ALASA (Airborne Launch Assist Space Access) was a program to develop a launch vehicle that could be carried aloft by an F-15, with an orbital payload of around 45 kilograms. The design detail that was supposed to make ALASA work was what killed it: the propellant.
ALASA was to use liquid rocket engines. Nothing new there. The propellant combination was acetylene and nitrous oxide; that’s kinda new. But the Really New part of the design was that the two propellants were to be pre-mixed, meaning that the vehicle required only a single tank and simpler plumbing. Pre-mixing fuel and oxidizer is always a tricky proposition, but it has been successfully demonstrated from time to time. But here, in several tests the propellant simply exploded. This should not be overly surprising… acetylene is one of those unstable chemicals that will on occasion blow itself to bits just because it’s cranky. Mixing it with an oxidizer is just asking for trouble.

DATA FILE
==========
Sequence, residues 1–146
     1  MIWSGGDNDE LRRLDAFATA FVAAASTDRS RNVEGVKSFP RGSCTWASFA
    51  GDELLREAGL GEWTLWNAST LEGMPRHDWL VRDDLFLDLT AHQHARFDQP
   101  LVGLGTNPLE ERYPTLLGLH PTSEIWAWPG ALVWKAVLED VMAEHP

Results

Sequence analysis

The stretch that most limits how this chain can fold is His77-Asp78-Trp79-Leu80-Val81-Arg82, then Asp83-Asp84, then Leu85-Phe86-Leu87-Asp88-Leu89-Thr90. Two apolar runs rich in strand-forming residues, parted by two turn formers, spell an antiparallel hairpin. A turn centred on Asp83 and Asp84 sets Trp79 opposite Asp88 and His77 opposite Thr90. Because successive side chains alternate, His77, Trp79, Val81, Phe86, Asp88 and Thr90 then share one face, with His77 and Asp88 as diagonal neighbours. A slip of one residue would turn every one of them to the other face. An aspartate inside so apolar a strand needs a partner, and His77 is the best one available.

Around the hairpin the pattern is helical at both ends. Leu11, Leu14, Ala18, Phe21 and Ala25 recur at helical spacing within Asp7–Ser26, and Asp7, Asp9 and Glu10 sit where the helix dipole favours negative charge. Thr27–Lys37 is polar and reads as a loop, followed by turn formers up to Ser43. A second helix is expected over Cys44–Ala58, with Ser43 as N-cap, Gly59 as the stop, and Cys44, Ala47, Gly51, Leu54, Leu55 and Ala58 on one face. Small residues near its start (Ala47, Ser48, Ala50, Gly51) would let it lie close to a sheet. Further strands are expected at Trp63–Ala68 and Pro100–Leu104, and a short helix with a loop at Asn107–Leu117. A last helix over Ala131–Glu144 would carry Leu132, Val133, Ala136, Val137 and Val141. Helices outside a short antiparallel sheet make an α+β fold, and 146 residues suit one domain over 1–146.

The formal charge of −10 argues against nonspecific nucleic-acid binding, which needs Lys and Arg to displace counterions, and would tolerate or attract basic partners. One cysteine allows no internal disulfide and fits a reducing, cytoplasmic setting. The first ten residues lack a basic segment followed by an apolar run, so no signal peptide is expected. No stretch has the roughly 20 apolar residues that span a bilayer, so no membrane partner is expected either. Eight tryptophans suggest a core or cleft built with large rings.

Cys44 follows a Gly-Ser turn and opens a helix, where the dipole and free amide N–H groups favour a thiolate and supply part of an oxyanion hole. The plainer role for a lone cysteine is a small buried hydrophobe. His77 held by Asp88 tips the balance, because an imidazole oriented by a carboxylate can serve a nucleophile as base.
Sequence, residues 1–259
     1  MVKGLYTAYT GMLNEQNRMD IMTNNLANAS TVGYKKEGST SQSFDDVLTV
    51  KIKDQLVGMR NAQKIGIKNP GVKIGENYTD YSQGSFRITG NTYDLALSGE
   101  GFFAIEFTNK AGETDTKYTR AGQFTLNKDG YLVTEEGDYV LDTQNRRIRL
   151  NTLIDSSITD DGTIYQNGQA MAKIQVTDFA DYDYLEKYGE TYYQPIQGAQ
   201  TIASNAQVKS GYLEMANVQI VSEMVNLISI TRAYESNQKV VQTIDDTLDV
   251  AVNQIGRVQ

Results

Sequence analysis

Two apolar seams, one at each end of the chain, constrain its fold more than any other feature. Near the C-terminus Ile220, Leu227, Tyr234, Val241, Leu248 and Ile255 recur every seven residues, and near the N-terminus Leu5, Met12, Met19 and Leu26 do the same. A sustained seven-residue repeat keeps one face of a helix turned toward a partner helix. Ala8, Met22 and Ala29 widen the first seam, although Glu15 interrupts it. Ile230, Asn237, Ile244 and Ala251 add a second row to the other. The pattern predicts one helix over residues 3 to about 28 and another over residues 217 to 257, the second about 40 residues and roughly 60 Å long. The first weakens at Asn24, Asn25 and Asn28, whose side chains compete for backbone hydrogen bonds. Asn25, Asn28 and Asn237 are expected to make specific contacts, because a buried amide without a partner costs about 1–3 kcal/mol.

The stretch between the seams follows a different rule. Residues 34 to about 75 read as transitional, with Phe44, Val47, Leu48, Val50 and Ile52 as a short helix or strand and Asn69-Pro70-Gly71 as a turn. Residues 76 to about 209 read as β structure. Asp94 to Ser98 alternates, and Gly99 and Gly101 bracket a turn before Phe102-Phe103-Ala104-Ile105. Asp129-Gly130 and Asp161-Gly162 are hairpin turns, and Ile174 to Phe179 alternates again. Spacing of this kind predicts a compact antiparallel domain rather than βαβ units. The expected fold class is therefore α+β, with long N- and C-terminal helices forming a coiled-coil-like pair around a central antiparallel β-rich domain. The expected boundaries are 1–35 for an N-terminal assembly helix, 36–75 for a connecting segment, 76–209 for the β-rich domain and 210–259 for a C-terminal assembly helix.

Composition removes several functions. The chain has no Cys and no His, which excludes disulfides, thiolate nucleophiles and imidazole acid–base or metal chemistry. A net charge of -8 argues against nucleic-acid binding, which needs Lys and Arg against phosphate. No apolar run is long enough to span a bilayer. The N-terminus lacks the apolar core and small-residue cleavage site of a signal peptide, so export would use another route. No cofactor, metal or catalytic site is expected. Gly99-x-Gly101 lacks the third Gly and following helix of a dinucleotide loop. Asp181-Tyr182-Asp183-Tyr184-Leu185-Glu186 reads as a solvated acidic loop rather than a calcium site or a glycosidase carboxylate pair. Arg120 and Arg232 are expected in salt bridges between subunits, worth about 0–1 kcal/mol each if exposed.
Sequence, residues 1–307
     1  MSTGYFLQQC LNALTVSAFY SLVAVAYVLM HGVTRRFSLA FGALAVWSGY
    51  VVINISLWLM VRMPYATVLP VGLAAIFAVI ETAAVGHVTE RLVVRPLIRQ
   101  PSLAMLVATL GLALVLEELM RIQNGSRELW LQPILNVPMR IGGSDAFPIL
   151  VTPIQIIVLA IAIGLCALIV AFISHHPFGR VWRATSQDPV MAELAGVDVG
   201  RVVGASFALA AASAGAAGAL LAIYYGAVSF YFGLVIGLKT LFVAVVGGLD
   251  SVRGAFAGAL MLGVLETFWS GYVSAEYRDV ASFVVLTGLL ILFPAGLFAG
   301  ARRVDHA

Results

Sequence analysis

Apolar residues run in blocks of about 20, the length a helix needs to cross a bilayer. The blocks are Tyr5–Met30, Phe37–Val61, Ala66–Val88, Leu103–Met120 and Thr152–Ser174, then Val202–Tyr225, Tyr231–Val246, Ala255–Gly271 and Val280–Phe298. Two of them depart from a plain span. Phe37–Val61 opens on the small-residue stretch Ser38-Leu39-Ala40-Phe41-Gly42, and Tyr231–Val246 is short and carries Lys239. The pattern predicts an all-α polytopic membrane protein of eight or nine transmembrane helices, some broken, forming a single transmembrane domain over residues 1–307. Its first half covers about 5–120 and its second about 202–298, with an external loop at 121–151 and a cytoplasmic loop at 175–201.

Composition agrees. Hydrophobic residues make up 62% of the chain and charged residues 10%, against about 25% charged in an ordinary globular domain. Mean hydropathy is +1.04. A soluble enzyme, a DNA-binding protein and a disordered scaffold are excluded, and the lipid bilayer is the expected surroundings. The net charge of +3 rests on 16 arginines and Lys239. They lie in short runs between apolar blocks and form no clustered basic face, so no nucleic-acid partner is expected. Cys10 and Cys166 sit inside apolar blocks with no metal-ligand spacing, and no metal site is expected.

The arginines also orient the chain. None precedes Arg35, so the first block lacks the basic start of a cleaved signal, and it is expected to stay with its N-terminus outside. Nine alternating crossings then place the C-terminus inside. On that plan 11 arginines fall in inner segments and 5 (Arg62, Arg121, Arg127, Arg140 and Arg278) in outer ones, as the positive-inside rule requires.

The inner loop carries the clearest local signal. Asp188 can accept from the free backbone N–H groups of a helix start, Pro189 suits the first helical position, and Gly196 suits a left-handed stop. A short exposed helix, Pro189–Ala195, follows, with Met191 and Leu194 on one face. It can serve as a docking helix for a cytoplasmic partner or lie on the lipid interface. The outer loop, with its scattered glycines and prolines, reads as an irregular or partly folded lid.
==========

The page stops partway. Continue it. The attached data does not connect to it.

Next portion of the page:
DARPA seems to have bailed on the launcher program, but is continuing to try to develop the propellant (called NA-7). Tricky though it may be, if it can be reliably stabilized there are undoubtedly vehicle designs that could effectively utilize it.
The ALASA vehicle made another unusual design choice: the rocket engines were near the front, not at the back. The reason for this: the trailing propellant tank could be dropped as a stage, but leave the engines in place. This would theoretically make the vehicle lighter, at the risk of having hot rocket exhaust scraping down the sides of the tank.